In: Todd Solondz. Granted, The Corsair will be the first to admit that after seeing Welcome to the Dollhouse, the first words out of our mouth were, "naught else but simple shit." A lot can change in ten years. We get Solondz now; we dig his shit. It took us a while, but we came around. His work is rich, and his thoughts are interesting. In an Indiewire interview:

"iW: 'Palindromes,' like much of your work, seems engaged with the idea that people never change.

"Todd Solondz: Of course it's indisputable we change, but there is a part of ourselves that is immutable. There can be a kind of struggle. Some people are troubled by the age-old philosophical question presented here. Certainly, if you are religious you must believe in free will, otherwise you cannot make a leap of faith. Those of the atheistic turn of mind will look at things differently.

"Obviously our genetic code, our life experience, the randomness of it all combines to present our lives in such a way that we imagine that we have a choice between Bush and Kerry. But of course it is the illusion, the vanity of the choice that we cannot but choose the one because we are so determined and shaped by our whole life experience. In fact, if one can embrace one's limitations it can be a very freeing thing and does not in any sense disallow the possibility of social improvement. Of course, the whole culture is hinged on this notion that self-improvement is the key to happiness and success and that the denial of this would be a kind of nihilistic, even cynical attitude. And yet, that's all provided one is someone who is capable of improvement.

"Provided one is capable, one can improve. But as a species we certainly are no more advanced than we were 5,000 years ago, morally speaking. Read the newspaper every day. I can't see how we're an improved species. My movies can't compete with what's on TV. It's the age of 24/7 Terri Schiavo. What could be a greater obscenity or grotesquery? It's there in the paper every day, much harsher than anything I do."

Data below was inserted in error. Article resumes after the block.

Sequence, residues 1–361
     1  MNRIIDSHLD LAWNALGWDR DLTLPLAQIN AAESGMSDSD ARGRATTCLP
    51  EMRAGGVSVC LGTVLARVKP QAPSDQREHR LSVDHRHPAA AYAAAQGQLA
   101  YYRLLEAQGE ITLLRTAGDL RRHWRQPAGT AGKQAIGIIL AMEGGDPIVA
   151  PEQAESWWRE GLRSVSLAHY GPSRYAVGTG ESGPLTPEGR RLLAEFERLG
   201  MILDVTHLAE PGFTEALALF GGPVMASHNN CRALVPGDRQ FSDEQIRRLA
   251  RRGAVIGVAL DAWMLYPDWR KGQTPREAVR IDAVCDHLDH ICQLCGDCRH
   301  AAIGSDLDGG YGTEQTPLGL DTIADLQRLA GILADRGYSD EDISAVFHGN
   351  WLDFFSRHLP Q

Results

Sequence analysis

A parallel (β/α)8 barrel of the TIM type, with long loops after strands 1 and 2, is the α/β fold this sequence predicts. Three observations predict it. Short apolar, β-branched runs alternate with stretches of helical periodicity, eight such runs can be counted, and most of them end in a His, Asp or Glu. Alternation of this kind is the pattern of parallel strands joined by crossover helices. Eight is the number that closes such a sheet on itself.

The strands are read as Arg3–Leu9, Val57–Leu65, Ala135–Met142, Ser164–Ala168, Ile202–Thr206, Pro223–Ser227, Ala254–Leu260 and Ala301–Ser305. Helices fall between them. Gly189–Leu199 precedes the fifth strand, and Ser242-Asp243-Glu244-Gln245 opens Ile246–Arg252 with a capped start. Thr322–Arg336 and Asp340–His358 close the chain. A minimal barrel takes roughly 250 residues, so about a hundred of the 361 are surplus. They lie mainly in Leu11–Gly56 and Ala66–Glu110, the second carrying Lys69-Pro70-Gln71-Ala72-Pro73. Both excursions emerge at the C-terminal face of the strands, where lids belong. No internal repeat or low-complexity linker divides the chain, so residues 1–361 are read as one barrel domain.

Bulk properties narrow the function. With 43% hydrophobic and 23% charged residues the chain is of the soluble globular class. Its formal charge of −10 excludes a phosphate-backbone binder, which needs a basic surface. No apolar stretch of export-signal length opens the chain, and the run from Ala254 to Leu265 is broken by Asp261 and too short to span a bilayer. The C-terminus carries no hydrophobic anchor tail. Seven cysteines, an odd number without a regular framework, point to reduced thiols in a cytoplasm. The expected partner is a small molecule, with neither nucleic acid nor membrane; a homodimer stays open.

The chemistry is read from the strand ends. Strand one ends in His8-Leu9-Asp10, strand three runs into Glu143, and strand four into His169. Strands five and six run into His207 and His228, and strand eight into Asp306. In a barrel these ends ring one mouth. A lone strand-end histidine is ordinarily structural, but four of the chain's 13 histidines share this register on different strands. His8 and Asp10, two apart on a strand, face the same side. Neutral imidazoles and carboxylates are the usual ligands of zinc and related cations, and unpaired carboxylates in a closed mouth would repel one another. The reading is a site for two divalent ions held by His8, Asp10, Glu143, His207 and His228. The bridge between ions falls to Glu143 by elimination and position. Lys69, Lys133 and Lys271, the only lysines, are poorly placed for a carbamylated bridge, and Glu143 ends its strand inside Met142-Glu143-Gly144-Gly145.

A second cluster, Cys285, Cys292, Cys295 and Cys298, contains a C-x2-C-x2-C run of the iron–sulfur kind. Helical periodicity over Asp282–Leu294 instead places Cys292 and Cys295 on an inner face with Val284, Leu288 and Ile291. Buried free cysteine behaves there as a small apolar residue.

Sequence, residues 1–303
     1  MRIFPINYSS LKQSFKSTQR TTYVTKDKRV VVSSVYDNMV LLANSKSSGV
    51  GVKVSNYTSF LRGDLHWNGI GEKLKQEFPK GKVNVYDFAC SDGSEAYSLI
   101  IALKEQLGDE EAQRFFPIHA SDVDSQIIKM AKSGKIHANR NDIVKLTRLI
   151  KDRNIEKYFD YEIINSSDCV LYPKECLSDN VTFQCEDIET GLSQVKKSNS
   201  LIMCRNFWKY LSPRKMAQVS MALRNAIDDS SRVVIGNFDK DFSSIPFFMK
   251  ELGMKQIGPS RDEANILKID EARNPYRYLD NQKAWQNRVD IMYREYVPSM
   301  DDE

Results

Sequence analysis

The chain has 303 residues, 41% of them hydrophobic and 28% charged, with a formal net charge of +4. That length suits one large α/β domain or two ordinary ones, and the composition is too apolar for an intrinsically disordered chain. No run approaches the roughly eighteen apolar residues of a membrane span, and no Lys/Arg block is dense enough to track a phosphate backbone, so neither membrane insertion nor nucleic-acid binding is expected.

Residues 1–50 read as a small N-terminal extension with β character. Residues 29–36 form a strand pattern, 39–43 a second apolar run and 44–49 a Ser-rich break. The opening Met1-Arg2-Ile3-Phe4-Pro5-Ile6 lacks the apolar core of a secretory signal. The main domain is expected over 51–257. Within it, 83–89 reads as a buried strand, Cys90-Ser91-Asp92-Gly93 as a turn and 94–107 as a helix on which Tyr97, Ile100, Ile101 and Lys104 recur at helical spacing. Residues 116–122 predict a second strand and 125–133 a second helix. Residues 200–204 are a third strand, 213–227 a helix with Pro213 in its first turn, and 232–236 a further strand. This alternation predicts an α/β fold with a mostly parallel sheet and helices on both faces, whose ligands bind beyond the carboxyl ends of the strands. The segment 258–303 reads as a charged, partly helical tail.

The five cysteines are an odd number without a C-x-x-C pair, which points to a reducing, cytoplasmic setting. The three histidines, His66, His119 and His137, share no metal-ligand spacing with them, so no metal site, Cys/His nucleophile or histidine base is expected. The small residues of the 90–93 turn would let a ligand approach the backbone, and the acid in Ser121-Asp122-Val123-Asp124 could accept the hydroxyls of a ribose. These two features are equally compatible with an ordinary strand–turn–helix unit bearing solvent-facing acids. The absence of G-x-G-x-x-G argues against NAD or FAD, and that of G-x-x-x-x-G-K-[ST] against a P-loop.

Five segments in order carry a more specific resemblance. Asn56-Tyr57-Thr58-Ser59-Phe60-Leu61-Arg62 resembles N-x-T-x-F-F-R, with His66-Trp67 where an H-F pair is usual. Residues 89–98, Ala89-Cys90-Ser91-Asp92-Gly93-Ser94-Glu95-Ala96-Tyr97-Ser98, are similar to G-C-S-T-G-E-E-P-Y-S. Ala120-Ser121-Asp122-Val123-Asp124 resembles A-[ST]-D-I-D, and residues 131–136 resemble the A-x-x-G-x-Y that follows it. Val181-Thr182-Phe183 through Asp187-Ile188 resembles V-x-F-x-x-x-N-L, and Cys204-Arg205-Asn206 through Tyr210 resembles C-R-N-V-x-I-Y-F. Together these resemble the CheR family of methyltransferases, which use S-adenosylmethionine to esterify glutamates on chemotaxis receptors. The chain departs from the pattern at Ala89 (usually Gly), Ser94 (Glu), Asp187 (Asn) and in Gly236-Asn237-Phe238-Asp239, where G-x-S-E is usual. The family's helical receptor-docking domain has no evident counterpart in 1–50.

Yeah. What he said


Above: The moment of Truth. A hush falls across the crowded room. In muted tones, Natalie Pray announces that all the Peruvian Peasants have been freshly bled into the cocktails.

Out: Peruvian Peasant Juice. Terrible. Just terrible, this rummy business of" juicing Peruvians." And for what? Eternal Life? The discreet charm of owning their souls in the Afterworld?

For shame.

According to Our favorite social chronicler with a good sense of humor, David Patrick Columbia, in NYSocialDiary:

"Geoffrey Bradfield, the international interior designer who chaired the event, also held a cocktail party, called for 8 p.m. at his new townhouse on East 61st. There were about a hundred or so congregated on the white on white ground floor reception room and the tented garden with its Elsie de Wolfe green lattice. Champagne and giant strawberries served on silver trays."

"Champagne"? Is that what they call it nowadays?

In: Michael Musto. Why hasn't this man been on Topic: A With Tina Brown? A media program that values wit and excluded Michael Musto? Preposterous! (The Corsair fumes) And, while we are on the subject, Why hasn't The Corsair been a "Hot Pick"? What is the meaning of this thusness? We are thoroughly confused. Says Musto:

"Apparently, TINA BROWN thinks Desperate Housewives is already post-peak?you know, it's not necessarily her hot pick of the week anymore. I learned this at an event for the documentary Enron: The Smartest Guys in the Room from a gung ho producer for Tina's struggling cable program, who insisted, "You should write about how great the show is. We have an amazing audience. JOHN MCCAIN, WARREN BEATTY, and the CLINTONS watch it!'

"'Are you daft? You've booked every media person on earth except me,' I snarled. 'And they won't write about it!' she said."

So, book Michael Musto already.